Nazlina Hussin is no stranger to the overseas market curious to learn about the tricks of the trade for traditional Malay cooking.
Traditional Malay food to Nazlina is defined as cooking with ingredients that don’t need to be imported into the country. Namely, coconuts, chillies, pineapples, curry leaves, or anything that can be grown locally.
“Some might say, ‘okay no, this is Thai, or this is Indian,’ but Penang is a melting pot, so I would say this is Penang food!” she chimed while teaching Masterchef UK’s host, John Torode, to cook pineapple curry in 2016.
Her name has been mentioned in The New York Times, Weekend Telegraph, and BBC. The home cook’s fan and student base are 85% made up of foreigners at her cooking school, Nazlina Spice Station.
At 51 years old, she’s stolen the hearts of audiences from the UK, US, Italy, and South Korea with her expertise in local Malaysian cooking.
Who Is Nazlina Hussin?
She’s a youthful woman of rich history. She first quit an engineering job to own a SCUBA diving company with her ex-husband, which they bought for a reasonable price after it went out of business.
Now a single mum with 2 children, Nazlina couldn’t balance returning to a 9-5 engineering job.
She shared, “So I became a WAHM: work-at-home-mum. I did direct selling, English-Malay translation jobs, and even finding referrals for a real estate agent.”
Nazlina started her own cooking blog, Pickles and Spices, in 2007 as a hobby to archive her ventures in the kitchen. The home cook wrote about ingredients—especially spices—enlightening readers about Slow Food.
Slow Food is a movement that originated in Italy countering the idea of fast foods. Think of the dishes your grandmother would cook at home with ingredients from the market.
Soon, the blog gained traction and her inbox was flooded with requests from potential students keen to learn from her. Not having a venue to accommodate classes, she put the idea on hold.
In the meantime, she volunteered at Penang Heritage Trust which held regular workshops where webmasters like her were invited to attend. At 39, this opened doors that led her to her success today.
Securing a café deck at Tropical Spice Garden, it became her venue for cooking classes. An Australian journalist was her first student in 2009, brought in by Tourism Malaysia.
Upon returning home, the journalist wrote a centrepiece to publish in The West Australian. From then on, crowds of Australians came to attend Nazlina’s classes.
“The timing was perfect too because that year, my youngest daughter was enrolled into her primary school, and I had 6 hours to focus on my cooking classes while the children were at school,” she told Vulcan Post.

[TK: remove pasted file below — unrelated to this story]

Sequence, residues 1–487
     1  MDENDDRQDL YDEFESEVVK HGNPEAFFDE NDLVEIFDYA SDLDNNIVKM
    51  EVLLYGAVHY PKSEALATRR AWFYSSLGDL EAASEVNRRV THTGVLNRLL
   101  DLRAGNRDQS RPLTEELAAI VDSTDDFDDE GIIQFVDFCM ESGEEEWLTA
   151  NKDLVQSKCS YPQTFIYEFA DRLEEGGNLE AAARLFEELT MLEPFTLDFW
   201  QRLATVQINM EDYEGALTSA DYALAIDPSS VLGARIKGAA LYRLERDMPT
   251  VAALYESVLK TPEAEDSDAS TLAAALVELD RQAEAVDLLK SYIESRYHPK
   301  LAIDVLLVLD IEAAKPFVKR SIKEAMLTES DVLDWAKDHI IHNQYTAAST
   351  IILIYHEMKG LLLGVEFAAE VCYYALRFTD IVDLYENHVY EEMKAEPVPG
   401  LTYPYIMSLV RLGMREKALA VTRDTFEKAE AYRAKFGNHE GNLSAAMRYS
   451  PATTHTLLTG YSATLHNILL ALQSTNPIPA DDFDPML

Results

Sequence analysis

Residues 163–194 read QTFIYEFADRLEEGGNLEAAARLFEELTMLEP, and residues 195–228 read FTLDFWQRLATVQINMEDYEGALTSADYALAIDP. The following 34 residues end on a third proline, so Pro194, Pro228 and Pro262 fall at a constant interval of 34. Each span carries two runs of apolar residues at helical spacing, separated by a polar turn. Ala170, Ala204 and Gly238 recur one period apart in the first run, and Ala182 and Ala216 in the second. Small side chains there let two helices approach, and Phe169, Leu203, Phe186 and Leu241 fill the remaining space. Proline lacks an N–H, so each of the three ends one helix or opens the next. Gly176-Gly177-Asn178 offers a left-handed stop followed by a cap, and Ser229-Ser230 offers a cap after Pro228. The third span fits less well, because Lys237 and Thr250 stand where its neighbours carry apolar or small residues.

“By 1PM, my classes ended and I picked them up from school and ran the household like other single mothers out there. When they went to bed after dinner and homework, I answered emails and maintained my websites.”
Nazlina had already sold the SCUBA diving company by this point. It was something she was thankful for. Hosting cooking classes single-handedly earnt her a much higher profit. It’s also why she decided to pursue teaching over starting a restaurant.
Her classes filled a niche in the market at the time where there were no Malaysian cuisine cooking classes around Penang back in 2009.
“Locals prefer to learn about Western food rather than traditional local food while the foreign tourists are the opposite, they love our local food and want to learn how to make it,” said Nazlina.
Perhaps Malaysians may not be keen on taking classes for local cuisines as they could simply learn them from their elders at home.
But the cook embraces her target audience nonetheless. She smartly capitalised off the interest she got and Nazlina Spice Station’s classes eventually landed on the Eastern & Oriental Express’s itinerary as a tourist stop.
For an RM250 fee, you get a 5-hour long class starting at 8AM. The teacher would bring her students on walking tours at the ChowRasta and Campbell Street markets to purchase fresh ingredients.
Upon returning to the class, ingredients are processed with traditional tools like batu giling, lesung batu (pestle and mortars) and kukur nyiur.
“Everything is done by hand. We do things together, gotong-royong style with me as the guide. Then we share the food together like a small kenduri (banquet),” Nazlina said.
12 years in, Nazlina Spice Station has seen an exponential increase in students from 2009 up till January 2020.
“From having an average 4 students a week, I taught 60 students a week at its peak. On average, I teach 120 students a week,” she proudly said. Nazlina herself earns a 75% profit for her business.
During the MCO, classes were halted, but private lessons were taught sporadically in the CMCO. To reach a wider audience, she’s now organising Zoom classes for Airbnb Experiences while building a Facebook community.
“Of course the income is a fraction of what we enjoyed before the pandemic, but you just need to scale down your expenses and just make do,” she concluded.
- You can learn more about Nazlina Spice Station here.
- You can read more F&B articles that we’ve covered here.
Featured Image Credit: Nazlina, Managing Director of Nazlina Spice Station